ANS is committed to advancing, fostering, and promoting the development and application of nuclear sciences and technologies to benefit society.
Explore the many uses for nuclear science and its impact on energy, the environment, healthcare, food, and more.
Radiation Protection & Shielding
The Radiation Protection and Shielding Division is developing and promoting radiation protection and shielding aspects of nuclear science and technology — including interaction of nuclear radiation with materials and biological systems, instruments and techniques for the measurement of nuclear radiation fields, and radiation shield design and evaluation.
Conference on Nuclear Training and Education: A Biennial International Forum (CONTE 2023)
February 6–9, 2023
Amelia Island, FL|Omni Amelia Island Resort
The Standards Committee is responsible for the development and maintenance of voluntary consensus standards that address the design, analysis, and operation of components, systems, and facilities related to the application of nuclear science and technology. Find out What’s New, check out the Standards Store, or Get Involved today!
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Nuclear Science and Engineering
Fusion Science and Technology
Framatome, Ultra Safe partner to manufacture TRISO and FCM fuel
Framatome and Ultra Safe Nuclear announced on January 26 that they intend to form a joint venture to manufacture commercial quantities of tristructural isotropic (TRISO) particles and Ultra Safe’s proprietary fully ceramic microencapsulated (FCM) fuel.
The companies have signed a nonbinding agreement to integrate their resources to bring commercially viable, fourth-generation nuclear fuel to market for Ultra Safe’s micro-modular reactor (MMR) and other advanced reactor designs.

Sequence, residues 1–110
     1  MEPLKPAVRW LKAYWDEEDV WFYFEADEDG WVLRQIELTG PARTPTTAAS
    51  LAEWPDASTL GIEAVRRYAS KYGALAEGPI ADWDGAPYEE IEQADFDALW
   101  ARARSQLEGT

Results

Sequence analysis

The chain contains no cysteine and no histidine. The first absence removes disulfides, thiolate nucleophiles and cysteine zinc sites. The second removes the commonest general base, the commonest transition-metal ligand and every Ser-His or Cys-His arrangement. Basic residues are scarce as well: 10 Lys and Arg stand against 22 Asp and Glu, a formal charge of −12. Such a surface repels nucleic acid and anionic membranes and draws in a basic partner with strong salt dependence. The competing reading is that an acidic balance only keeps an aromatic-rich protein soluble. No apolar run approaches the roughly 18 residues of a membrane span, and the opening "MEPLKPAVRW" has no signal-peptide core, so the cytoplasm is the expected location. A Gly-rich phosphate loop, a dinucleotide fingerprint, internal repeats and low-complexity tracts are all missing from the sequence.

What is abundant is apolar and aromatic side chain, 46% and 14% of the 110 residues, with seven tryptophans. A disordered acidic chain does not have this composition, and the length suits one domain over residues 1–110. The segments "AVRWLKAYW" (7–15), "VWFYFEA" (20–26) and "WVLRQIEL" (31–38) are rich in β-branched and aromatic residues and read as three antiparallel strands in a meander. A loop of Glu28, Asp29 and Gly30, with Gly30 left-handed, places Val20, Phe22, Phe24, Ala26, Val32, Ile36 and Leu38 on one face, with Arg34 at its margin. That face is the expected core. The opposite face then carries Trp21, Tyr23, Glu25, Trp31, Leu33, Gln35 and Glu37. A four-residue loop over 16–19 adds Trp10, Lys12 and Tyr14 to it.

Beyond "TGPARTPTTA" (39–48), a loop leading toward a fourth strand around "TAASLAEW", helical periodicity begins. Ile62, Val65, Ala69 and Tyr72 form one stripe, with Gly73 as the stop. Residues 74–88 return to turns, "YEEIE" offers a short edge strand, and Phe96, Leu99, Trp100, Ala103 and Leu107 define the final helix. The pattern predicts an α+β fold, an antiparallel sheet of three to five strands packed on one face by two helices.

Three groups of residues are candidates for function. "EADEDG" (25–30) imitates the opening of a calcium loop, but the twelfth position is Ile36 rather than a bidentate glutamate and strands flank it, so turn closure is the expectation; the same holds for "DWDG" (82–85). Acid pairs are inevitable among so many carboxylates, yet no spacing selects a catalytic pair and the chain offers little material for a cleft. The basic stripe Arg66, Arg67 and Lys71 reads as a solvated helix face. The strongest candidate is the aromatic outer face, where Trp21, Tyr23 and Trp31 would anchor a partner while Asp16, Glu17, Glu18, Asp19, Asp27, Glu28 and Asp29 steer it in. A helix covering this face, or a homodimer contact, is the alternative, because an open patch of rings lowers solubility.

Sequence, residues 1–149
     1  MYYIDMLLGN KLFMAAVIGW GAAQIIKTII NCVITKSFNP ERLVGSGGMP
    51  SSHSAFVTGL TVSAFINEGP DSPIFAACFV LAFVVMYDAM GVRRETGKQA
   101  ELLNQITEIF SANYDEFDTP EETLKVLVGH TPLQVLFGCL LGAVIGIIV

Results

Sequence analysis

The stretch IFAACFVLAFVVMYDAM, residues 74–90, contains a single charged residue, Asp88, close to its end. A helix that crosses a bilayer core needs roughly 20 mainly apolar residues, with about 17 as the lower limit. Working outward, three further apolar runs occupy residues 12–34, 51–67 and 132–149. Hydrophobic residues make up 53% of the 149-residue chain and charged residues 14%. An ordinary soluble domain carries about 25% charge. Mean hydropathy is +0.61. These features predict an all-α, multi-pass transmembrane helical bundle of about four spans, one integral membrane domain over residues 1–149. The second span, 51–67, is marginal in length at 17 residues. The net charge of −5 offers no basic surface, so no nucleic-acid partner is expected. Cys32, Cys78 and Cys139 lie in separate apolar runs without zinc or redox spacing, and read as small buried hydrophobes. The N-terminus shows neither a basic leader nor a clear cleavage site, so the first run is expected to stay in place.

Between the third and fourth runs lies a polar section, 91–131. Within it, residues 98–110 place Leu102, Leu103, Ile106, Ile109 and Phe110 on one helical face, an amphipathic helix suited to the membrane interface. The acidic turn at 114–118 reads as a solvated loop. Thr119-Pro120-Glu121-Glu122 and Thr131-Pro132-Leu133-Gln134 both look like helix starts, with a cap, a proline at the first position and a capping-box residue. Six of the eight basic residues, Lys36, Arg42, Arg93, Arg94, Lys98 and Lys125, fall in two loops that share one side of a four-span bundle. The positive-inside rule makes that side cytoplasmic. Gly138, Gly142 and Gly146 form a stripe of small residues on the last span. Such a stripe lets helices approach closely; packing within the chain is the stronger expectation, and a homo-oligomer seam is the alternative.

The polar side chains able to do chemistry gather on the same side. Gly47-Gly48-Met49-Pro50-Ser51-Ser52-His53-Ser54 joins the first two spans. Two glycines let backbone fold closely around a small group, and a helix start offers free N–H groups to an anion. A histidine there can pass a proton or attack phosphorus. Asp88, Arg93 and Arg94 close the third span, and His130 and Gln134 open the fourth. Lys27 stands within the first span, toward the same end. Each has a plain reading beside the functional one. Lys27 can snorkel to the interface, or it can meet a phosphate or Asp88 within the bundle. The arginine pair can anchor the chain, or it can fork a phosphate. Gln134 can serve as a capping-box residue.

Derek W. Schmidt, Tana Cardenas, Forrest W. Doss, Carlos Di Stefano, Patrick M. Donovan, Frank Fierro, Kirk A. Flippo, John I. Martinez, Alex M. Rasmus
Fusion Science and Technology | Volume 73 | Number 3 | April 2018 | Pages 474-480
Technical Paper | doi.org/10.1080/15361055.2017.1406235
Articles are hosted by Taylor and Francis Online.
The High Energy Density Physics program at Los Alamos National Laboratory (LANL) has had a multiyear campaign to verify the predictive capability of the interface evolution of shock propagation through different profiles machined into the face of a plastic package with an iodine-doped plastic center region. These experiments varied the machined surface from a simple sine wave to a double sine wave and finally to a multitude of different profiles with power spectrum ranges and shapes to verify LANL’s simulation capability. The MultiMode-A profiles had a band-pass flat region of the power spectrum, while the MultiMode-B profile had two band-pass flat regions. Another profile of interest was the 1-Peak profile, a band-pass concept with a spike to one side of the power spectrum. All these profiles were machined in flat and tilted orientations of 30 and 60 deg. Tailor-made machining profiles, supplied by experimental physicists, were compared to actual machined surfaces, and Fourier power spectra were compared to see the reproducibility of the machining process over the frequency ranges that physicists require.